Later, it'd be the place where this neighbor kid keyed my shiny blue sports car with 4 round bugeyed headlights for no apparent reason. This same kid spent almost every balmy summer night with me and Bobby on our deck listening to Weird Al tapes and eating Doritoes until the powdered cheese was so caked on our fingertips that we'd have to scrape it off with our front teeth. By day, he'd knock down forts we'd built together and attempt to tear up my family's swimming pool while we weren't home but I could never figure out why until someone told me he loved me. I stand by my own hypothesis that he must have been bipolar but, then, who could ever tell the difference?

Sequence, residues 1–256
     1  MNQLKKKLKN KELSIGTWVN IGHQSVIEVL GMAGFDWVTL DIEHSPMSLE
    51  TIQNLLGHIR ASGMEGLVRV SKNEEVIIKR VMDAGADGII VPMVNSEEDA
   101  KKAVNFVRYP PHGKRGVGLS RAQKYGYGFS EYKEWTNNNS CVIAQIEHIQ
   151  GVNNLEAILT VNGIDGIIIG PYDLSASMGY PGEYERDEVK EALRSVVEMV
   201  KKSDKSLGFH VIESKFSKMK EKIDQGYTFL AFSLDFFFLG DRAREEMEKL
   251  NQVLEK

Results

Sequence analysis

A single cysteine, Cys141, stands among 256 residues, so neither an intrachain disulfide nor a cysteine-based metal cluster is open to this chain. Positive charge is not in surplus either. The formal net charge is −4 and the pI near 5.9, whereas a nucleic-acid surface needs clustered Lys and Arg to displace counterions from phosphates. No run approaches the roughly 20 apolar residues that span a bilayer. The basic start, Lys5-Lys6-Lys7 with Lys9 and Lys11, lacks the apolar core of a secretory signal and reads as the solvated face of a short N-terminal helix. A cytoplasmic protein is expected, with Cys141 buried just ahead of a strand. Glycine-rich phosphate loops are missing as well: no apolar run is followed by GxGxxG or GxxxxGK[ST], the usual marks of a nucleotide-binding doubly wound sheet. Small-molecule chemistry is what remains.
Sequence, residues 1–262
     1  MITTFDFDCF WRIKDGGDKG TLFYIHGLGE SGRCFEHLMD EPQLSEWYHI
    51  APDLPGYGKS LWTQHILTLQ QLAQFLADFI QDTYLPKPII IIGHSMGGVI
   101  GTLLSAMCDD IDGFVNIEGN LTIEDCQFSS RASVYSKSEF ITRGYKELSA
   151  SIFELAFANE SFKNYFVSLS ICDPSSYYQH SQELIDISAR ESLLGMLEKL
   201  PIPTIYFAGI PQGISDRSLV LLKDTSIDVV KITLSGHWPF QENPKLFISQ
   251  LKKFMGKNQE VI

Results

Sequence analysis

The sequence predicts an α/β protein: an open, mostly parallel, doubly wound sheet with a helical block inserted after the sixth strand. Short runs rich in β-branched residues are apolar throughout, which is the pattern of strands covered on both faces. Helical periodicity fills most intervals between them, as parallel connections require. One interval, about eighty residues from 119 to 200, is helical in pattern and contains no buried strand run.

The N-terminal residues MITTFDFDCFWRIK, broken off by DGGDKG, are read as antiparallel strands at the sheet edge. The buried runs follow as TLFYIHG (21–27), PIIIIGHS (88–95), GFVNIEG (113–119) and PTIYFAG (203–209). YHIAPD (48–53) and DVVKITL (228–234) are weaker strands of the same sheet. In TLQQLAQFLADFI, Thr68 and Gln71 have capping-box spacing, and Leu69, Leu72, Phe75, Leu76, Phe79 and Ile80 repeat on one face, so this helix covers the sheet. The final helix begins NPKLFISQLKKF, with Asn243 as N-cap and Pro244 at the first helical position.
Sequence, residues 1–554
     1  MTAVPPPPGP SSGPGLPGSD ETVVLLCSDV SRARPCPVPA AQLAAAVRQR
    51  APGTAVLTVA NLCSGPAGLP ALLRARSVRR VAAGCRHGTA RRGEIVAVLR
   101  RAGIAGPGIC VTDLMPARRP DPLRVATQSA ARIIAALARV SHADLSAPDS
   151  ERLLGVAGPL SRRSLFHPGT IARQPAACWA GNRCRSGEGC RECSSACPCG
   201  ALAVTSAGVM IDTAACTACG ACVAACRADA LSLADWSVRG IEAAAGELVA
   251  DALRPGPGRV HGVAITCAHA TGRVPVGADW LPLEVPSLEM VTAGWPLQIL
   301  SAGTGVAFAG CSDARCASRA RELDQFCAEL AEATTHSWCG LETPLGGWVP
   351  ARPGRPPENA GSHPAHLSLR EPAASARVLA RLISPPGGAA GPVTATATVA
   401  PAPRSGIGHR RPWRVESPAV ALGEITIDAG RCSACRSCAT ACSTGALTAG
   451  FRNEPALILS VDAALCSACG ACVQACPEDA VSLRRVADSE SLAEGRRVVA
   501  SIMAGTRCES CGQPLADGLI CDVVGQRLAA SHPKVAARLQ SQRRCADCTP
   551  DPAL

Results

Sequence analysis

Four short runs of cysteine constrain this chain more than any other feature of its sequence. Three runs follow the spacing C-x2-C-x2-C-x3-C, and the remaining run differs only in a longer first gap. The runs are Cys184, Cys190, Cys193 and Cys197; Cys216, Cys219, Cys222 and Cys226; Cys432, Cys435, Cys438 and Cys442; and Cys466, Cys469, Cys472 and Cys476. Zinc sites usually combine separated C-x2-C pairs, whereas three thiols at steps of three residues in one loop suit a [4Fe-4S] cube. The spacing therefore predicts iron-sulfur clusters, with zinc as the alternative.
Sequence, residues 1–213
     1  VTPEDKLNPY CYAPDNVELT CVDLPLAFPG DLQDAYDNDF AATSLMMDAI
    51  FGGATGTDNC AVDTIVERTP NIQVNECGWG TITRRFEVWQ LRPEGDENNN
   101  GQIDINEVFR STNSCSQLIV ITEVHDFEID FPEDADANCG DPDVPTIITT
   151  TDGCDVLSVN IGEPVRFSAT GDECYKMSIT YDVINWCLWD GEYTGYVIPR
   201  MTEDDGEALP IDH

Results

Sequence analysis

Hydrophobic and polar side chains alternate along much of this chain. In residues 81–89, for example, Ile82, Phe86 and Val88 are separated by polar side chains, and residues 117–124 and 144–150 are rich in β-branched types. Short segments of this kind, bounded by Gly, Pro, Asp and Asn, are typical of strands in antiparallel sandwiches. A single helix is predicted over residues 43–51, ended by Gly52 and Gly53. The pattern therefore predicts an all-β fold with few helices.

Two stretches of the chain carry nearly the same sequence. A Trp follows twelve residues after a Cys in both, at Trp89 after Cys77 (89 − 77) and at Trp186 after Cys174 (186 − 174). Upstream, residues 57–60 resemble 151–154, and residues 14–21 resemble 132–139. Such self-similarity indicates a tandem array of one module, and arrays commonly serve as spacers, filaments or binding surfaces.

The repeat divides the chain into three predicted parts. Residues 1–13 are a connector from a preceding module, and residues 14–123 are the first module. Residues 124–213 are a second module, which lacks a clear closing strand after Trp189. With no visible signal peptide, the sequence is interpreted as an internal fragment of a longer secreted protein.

Later I learned the Dairy Queen wasn't known so much for its food or vast parking lot full of teenagers but for the drug deals that went on in the kitchen. It's still open despite the fact that someone found a condom in his cheeseburger, sandwiched between two beef patties and a pool of greasy cheese. So much for the bucolic nature of the rural South, eh?